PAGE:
The scientific romance was essentially science fiction but the science was often rather fanciful (sometimes extremely fanciful) and the emphasis was more on adventure and on speculation about the future of society and of our species rather than on the science.

The writers of these tales came up with some delightfully outlandish methods of interplanetary travel everything from giant cannons to balloons, but Vampires of Mars really excels itself in this respect. Our interplanetary voyager reaches Mars through the power of the will. Or through the power of many wills. The minds of thousands of Hindu fakirs are harnessed by a device invented by a charismatic brahmin and a French engineer named Robert Darvell. The device temporarily stores the volitional fluid thus generated and this volitional fluid produces enough power to send a metal capsule to Mars at the speed of thought (which as everyone knows is approximately half the speed of light).

Upon reaching Mars Darvell encounters several intelligent species, each new species that he encounters proving to be even more bizarre than the previous one. The inhabitants of Mars include gigantic vampire bats with near-human intelligence and even more intelligent invisible vampires.

Darvell’s biggest problem though is how to get back to his home planet. Fortunately his friends on Earth are working on finding other means of inter-planetary travel. These friends include a British officer in the Indian army, a Polish scientist, an English naturalist and a fabulously wealthy heiress (who happens to be also young and beautiful and in love with Darvell). The narrative jumps back and forth between their feverish efforts to organise a rescue mission and Darvell’s adventures on Mars (where he becomes a virtual king).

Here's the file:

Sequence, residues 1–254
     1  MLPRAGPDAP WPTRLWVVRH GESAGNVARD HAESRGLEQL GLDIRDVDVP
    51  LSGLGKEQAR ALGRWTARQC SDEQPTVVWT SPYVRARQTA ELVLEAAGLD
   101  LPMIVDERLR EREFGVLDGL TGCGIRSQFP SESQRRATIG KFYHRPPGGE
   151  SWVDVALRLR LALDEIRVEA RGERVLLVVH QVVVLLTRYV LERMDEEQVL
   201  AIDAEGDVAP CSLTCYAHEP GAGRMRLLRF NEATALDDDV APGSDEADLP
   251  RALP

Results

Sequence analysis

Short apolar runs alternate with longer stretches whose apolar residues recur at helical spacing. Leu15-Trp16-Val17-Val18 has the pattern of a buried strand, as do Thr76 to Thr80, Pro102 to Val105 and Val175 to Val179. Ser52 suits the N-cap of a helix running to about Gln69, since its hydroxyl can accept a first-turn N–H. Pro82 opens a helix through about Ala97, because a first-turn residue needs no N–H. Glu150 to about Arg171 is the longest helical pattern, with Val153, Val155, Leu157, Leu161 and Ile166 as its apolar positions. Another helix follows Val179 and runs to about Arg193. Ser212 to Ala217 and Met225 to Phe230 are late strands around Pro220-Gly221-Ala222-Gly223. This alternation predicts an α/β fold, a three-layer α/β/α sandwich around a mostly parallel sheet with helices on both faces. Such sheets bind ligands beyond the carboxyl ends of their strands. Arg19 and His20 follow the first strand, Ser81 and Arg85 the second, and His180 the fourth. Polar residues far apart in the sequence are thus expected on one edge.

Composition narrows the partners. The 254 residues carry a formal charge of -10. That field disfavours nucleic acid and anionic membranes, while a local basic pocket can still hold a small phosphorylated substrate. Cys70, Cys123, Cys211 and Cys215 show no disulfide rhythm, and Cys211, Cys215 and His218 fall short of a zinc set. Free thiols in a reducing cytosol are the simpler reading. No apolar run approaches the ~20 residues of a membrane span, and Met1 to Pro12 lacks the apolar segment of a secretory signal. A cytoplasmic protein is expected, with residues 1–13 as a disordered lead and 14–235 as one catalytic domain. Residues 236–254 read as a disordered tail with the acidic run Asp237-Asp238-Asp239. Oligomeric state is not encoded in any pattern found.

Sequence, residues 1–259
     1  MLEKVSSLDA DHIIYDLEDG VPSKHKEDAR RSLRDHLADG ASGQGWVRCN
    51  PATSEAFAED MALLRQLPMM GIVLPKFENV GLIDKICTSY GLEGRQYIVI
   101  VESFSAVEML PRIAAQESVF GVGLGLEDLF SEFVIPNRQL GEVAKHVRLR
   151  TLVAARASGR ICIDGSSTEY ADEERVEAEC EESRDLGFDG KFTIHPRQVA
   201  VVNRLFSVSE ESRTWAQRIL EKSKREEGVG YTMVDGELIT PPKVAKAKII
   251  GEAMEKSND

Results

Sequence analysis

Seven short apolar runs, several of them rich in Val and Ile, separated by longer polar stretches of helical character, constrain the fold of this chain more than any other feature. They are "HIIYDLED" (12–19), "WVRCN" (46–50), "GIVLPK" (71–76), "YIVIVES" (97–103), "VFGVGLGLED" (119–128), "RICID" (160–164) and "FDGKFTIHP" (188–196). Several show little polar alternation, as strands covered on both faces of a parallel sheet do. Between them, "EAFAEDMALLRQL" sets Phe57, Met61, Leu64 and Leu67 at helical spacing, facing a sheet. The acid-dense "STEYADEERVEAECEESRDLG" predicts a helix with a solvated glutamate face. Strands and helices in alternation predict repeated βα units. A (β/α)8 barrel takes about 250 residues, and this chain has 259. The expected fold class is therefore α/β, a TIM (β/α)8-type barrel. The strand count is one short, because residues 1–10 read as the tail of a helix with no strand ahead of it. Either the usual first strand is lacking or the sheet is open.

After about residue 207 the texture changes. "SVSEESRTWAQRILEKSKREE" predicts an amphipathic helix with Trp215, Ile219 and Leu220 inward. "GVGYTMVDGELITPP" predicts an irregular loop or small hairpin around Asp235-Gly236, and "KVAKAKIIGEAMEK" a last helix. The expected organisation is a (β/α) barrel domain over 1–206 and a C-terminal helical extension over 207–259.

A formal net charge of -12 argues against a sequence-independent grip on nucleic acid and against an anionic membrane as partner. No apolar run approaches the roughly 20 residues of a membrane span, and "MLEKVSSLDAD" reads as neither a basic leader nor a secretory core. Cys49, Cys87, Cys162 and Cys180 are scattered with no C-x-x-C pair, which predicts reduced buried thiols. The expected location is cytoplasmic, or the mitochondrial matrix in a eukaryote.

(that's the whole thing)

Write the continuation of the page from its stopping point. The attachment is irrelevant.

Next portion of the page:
Le Rouge was certainly inventive and he keeps the action moving along as well. In keeping with the standard practice of authors of the French pulp fictions or romans feuilletons of that era he composed his works extremely rapidly and probably much of it was dictated, and to revise anything or to worry about consistency or continuity would have been a gesture of defeat. As a result the plot is often confusing and contradictory but it doesn’t really matter.

What made Le Rouge unusual among authors of this genre was that he was closely involved with the literary Decadence of the late 19th century. Translator Brian Stableford provides his usual informative and thought-provoking afterword and suggests an interesting reading of the book as a kind of satire on its own genre and on colonialism.

Vampires of Mars was originally published as two books, Le prisonnier de la planète Mars (1908) and La guerre des vampires (1909). If you have a taste for literary oddities and you enjoy the idea of a romance that combines science, mysticism and the occult then it’s certainly worth picking up a copy of the Black Coat Press edition.